Flat worms: rabbit as an intermediate host
Esther van Praag, Ph.D.
Warning: this file contains pictures that may be distressing for some persons.
The tapeworm Taenia pisiformis is a common parasite of carnivores like dogs, foxes, and sometimes of cats. It is found all over the world, predominantly in rural regions.
The development of the parasite occurs in two stages:
1. An adult stage, as an adult parasite in the definitive host, the dog. The parasite lives in the small intestine (duodenum jejunum and ileum) of the dog and may reach a length of 2 meters (about 79 inches). Mature segments of the tapeworm (protoglottid) containing mature eggs are shed along with the feces.
2. An intermediate stage in an herbivorous host where the larval stage is found (mesacestoide). Rabbit or other lagomorph species may ingest the eggs while grazing contaminated grass.
The intermediate stage (mesacestoide) is characterized by the presence of bladder like structure in the abdominal/peritoneal cavity and liver. This intermediate larval stage is called Cysticercus pisiformis. The development of the larva is blocked and they will survive in the bladder structure. Viable tapeworm related cysts reach a size up to 2-3 cm in diameter, rarely up to 8 cm large or more.
Development into the adult stage can only occur after ingestion of the viscera of an infested rabbit by a dog, fox or cat. The development of the larva will continue into adults.
Blister-like mature cysticerci (green arrows)containing a larva of the tapeworm Taenia pisiformis in the body cavity of a rabbit.
Detail of a cyst, showing the larval taperworm Cysticercus pisiformis surrounded by fluids.
The parasitic larvae use the hepatic portal vein to invade the liver of rabbits. The migration phase of the larva is usually accompanied by focal granulomatous hepatitis-like symptoms: inflammation of the liver, local hepatocellular necrosis, and hepatic scaring if the condition becomes chronic. A microscopic analysis of the tissue shows the presence of necrotic tissue, blood, degenerative granulocytes, giant cells as well as mononuclear cells. Fibroblastic transformation of the tissue may be present, and the affected tissue will be replaced by connective tissue. After 15 to 30 days, the larva will migrate to the hepatic parenchyma and form cysts.
A severe infection can cause chronic extreme weakness or sudden death.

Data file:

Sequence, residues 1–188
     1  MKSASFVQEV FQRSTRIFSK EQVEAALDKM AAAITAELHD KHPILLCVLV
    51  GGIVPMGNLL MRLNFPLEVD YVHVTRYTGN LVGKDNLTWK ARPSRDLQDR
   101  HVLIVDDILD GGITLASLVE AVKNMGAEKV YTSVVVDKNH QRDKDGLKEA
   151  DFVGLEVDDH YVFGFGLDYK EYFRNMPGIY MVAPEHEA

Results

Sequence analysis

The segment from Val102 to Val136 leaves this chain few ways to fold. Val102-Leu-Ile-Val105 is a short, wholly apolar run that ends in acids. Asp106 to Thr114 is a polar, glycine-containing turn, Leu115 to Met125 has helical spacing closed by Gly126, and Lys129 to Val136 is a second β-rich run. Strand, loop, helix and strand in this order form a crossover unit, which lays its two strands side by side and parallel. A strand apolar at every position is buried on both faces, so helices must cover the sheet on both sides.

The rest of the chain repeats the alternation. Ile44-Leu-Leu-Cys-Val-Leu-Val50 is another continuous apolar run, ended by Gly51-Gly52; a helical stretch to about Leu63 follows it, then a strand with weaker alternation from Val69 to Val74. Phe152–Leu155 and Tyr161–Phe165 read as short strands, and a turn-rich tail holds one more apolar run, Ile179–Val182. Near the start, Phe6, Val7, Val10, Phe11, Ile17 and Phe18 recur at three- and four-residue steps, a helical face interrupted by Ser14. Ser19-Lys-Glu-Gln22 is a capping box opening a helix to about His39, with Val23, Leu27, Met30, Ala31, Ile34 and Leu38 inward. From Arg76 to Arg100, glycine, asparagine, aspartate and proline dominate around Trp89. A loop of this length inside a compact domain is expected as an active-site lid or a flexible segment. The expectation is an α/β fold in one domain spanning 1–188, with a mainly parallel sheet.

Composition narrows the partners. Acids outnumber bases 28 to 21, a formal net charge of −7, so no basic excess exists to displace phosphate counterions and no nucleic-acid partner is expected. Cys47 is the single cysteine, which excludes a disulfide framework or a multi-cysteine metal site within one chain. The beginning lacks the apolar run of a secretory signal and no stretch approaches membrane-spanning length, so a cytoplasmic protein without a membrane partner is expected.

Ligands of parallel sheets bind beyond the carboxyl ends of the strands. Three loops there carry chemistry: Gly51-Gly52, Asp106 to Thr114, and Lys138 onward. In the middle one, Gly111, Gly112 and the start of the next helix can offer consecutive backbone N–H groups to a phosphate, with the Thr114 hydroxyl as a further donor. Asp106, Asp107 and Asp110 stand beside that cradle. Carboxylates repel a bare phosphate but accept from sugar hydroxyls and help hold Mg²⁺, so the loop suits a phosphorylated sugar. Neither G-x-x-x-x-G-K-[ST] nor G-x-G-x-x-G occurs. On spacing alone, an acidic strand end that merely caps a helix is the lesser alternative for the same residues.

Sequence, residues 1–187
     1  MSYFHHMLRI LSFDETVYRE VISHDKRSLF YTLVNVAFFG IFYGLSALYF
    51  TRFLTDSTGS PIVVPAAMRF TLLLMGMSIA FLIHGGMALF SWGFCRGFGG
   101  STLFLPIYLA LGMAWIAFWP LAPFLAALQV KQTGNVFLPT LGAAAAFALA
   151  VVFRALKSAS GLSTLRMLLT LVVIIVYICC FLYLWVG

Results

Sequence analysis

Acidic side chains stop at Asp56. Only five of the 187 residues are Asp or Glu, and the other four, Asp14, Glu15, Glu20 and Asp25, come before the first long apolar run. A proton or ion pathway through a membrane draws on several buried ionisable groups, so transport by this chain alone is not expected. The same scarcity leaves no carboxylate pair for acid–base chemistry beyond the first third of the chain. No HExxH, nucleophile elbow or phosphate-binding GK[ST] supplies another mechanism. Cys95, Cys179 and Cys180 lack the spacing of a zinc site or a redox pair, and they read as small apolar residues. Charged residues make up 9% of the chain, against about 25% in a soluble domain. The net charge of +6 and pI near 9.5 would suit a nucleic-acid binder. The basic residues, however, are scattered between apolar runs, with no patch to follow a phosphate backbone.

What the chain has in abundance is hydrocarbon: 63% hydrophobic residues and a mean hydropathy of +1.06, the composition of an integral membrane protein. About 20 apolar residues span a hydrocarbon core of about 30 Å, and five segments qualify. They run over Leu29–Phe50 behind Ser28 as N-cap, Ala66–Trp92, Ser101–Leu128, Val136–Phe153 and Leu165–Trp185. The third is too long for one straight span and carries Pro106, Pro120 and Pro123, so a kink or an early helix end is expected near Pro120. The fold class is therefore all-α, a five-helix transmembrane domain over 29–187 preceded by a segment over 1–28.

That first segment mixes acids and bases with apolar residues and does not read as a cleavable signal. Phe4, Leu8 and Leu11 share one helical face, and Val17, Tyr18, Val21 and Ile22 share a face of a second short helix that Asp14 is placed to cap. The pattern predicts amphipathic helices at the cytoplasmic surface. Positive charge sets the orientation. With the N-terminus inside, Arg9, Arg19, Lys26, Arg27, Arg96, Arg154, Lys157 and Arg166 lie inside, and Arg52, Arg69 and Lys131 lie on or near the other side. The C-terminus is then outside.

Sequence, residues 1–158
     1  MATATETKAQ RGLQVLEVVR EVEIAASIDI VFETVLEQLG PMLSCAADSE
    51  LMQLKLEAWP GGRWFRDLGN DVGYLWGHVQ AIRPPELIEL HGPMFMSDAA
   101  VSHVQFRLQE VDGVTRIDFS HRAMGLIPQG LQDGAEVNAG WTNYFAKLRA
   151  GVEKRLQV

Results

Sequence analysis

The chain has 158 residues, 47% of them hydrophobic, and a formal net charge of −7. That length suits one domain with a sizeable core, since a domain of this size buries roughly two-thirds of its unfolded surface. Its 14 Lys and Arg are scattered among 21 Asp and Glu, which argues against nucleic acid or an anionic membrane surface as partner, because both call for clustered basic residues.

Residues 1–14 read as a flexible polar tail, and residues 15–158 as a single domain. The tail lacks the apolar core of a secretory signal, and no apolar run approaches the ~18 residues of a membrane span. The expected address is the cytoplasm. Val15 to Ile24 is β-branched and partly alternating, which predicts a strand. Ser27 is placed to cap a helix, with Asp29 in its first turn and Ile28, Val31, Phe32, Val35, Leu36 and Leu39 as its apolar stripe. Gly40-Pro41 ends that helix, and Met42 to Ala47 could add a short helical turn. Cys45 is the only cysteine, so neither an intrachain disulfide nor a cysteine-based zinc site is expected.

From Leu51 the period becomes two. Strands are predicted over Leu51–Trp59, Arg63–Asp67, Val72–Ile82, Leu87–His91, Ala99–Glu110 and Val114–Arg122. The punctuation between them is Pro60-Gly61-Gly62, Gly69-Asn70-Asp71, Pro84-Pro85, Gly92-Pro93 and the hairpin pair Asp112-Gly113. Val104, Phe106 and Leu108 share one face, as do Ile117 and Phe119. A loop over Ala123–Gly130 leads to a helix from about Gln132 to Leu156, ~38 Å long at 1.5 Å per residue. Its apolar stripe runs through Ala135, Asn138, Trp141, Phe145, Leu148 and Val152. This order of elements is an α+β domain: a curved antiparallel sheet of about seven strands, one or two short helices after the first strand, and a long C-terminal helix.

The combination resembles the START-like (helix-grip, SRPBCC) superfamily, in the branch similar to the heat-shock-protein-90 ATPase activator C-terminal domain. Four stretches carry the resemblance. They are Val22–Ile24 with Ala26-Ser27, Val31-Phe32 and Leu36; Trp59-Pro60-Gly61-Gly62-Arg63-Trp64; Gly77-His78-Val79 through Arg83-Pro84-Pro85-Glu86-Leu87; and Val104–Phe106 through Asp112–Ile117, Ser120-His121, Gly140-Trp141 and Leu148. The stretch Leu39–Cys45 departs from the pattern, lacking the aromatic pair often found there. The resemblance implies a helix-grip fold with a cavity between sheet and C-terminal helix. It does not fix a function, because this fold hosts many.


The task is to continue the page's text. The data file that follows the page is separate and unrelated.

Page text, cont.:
Aberrant migration is possible. Some of these cysts have been found in the peritoneal fluids or in the lungs of a rabbit, filling almost all the cavity of the lung and causing respiratory distress. The classical symptoms for brain cysticercosis lead to seizures, increased intracranial pressure, and altered mental status. On X-ray, there are signs of hydrocephalus, aseptic meningitis and/or calcified cysts. CT scanning and MRI enable to see the cysts definitively, often accompanied by ring-enhancing lesions, or hydrocephalus. Since MRI does not show the calcified pocket clearly, a contrasting dye administrated IV, can be used to visualize the inflamed and destroyed regions better.
As long as there is no direct contact and ingestion of the cysts containing the larva (unlikely in pet rabbits), no contamination is possible.
Treatment can be attempted with praziquantel.
This parasitic worm is also referred to as Taenia serialis. As with Taenia pisiformis, the development of the parasite has two stages: an intermediate one in hares or wild rabbits, and an adult form in dogs and cats. Its incidence in house rabbits in rare. In rabbits, cysts of Multiceps serialis are essentially found in the subcutaneous tissues and muscle mass. The cysts are elongated and the larva can easily be seen.
The development stage is blocked at the cyst stage in rabbits. Maturation and development into the adult stage will only occur after ingestion of the viscera of an infested rabbit by a dog or fox.
The risk of human contamination is possible, when direct contact with the cysts and ingestion of the intermediate larva (e.g. hunted hares/rabbits and contact with the digestive tract). With house rabbits, the risk of contamination is close to zero.
My gratitude goes to Prof. Richard Hoop (Institut für Veterinärbakteriologie, University of Zurich) for the permission to use his picture related to Taenia cysts in rabbits
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